Overnight, people working remotely became a hot commodity for the rustic countryside and island communities — as work moved to the cloud, there was no reason that traditionally less industrialized areas couldn’t attract big business and highly skilled professionals.

Fully distributed workplaces create opportunities for outsourcing. People no longer have to live in the city or even near their place of work — it’s all out there in the cloud.

A Lifeline For the Laid-Off

Although some digital nomads turned to online work as a way of improving their quality of life, some were forced to offer their talent due to companies rolling out redundancies and the pandemic causing global lockdowns.

Now that people see that they can work from home and rely on technology, why would employees want to return to the traditional workplace? The future for people who work remotely could hold hybrid work schedules, a greater number of independent contractors, and almost every industry looking to find distributed professionals looking for work.

What Can Remote Workers Expect In The Future?

In the post-Covid 19 worlds, remote work won’t just be something offered by gracious employers. A chance to stay outside of the office and work on your terms is now in people’s hands. People are waking up to that fact — they’re ready to embrace it too.

More Money In A Different Location

Unlike travelers going from county to country, digital nomads tend to stay in the same place. As these comparatively high earners from the marketing, technology or even real estate industries start to pay into the local community. Small freelancer communities are starting to crop up all around the world and the locals are recognizing the benefits.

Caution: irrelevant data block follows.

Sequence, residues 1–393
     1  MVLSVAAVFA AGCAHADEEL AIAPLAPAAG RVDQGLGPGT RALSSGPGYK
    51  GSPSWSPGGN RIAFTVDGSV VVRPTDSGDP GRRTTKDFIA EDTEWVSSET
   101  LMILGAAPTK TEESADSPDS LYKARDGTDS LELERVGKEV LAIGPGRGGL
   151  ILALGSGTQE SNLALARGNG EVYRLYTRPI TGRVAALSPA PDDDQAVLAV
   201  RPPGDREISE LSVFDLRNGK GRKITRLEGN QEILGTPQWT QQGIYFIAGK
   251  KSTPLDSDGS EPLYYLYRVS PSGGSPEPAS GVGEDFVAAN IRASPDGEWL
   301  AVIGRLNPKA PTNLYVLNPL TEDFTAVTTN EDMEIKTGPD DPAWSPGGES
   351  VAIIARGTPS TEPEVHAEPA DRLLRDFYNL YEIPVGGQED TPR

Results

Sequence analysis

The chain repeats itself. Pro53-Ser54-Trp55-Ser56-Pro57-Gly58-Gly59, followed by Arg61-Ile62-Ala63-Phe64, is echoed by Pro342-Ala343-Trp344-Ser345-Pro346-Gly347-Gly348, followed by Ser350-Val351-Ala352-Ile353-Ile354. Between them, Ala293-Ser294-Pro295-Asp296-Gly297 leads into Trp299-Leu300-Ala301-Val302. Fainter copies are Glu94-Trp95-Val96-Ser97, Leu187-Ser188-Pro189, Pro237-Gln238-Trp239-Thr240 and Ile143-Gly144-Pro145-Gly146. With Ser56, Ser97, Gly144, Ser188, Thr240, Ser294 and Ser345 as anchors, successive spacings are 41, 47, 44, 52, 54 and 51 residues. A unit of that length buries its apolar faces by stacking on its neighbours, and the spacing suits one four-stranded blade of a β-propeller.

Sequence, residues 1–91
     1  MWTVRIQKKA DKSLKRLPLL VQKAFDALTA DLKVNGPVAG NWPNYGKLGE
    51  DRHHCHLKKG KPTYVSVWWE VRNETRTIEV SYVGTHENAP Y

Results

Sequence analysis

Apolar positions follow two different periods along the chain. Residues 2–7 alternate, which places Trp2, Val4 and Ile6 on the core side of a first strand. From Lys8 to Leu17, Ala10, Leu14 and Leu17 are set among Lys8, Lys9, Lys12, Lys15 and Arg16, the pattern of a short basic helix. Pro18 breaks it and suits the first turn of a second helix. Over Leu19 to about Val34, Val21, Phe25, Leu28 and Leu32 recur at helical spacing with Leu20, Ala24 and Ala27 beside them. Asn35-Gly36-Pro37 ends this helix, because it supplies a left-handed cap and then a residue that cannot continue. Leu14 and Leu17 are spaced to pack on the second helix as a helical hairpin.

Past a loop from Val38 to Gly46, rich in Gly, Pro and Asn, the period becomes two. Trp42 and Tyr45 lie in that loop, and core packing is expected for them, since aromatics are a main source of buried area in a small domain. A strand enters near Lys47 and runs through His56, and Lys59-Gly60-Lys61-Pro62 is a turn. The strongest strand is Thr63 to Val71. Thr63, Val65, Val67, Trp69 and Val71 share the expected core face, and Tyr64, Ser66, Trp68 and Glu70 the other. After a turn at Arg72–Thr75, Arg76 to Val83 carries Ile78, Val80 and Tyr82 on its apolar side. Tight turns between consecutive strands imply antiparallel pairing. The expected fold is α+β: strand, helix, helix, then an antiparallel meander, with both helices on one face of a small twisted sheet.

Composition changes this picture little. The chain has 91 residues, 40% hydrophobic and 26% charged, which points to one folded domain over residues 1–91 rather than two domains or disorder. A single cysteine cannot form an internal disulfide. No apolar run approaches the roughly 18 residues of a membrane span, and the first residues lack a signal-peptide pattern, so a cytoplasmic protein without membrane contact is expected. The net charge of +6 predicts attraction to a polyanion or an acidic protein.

Remote working allows for a greater distribution of wealth. Long-term digital workers can afford to live with a higher standard of living and give back to the community that they call home. That’s why countries are now competing for these independent contractors and small business owners.

E-countries Are On The Map

With the workforce moving outside of the centralized hub, some countries are ready to try and attract talent and business to their shores. Whereas nomad hotspots like Azerbaijan, Georgia, Costa Rica, and the Madeira Islands are improving what they can offer, Estonia is the first country with an e-residency VISA.

Professionals with viable skills will be able to take advantage of online opportunities while living in attractive locations. The cost of travel becomes negligible as smaller countries attract digital nomads away from powerhouse cities thanks to easy-to-acquire VISAs, a cheaper cost of living, and all the financial and personal benefits of living away from the hustle and bustle.

Digital Nomadism — Here To Stay?

We can see from MBO Partners’ research that the demand for nomadic work is growing. More people are ready to leave the workplace of yesterday and start their journeys into the professional landscape of tomorrow. With the growth in SaaS and cloud computing tools, this trend will naturally extend to all employees who work with computers daily.

The benefits of a nomadic workforce aren’t just for potential employees either. Companies can capitalize on the ease of access to in-demand skills and services at the click of a button. Location is no longer a limiting factor — as nomads make themselves available when they are needed, companies will find the exact skills they need exactly when they need them. Nomads are bringing about a huge change in the way we operate businesses.

Hire the best developers worldwide — vetted by Upstack, perfect for you!

Originally published at on Aug 6, 2021, by Austin Miller.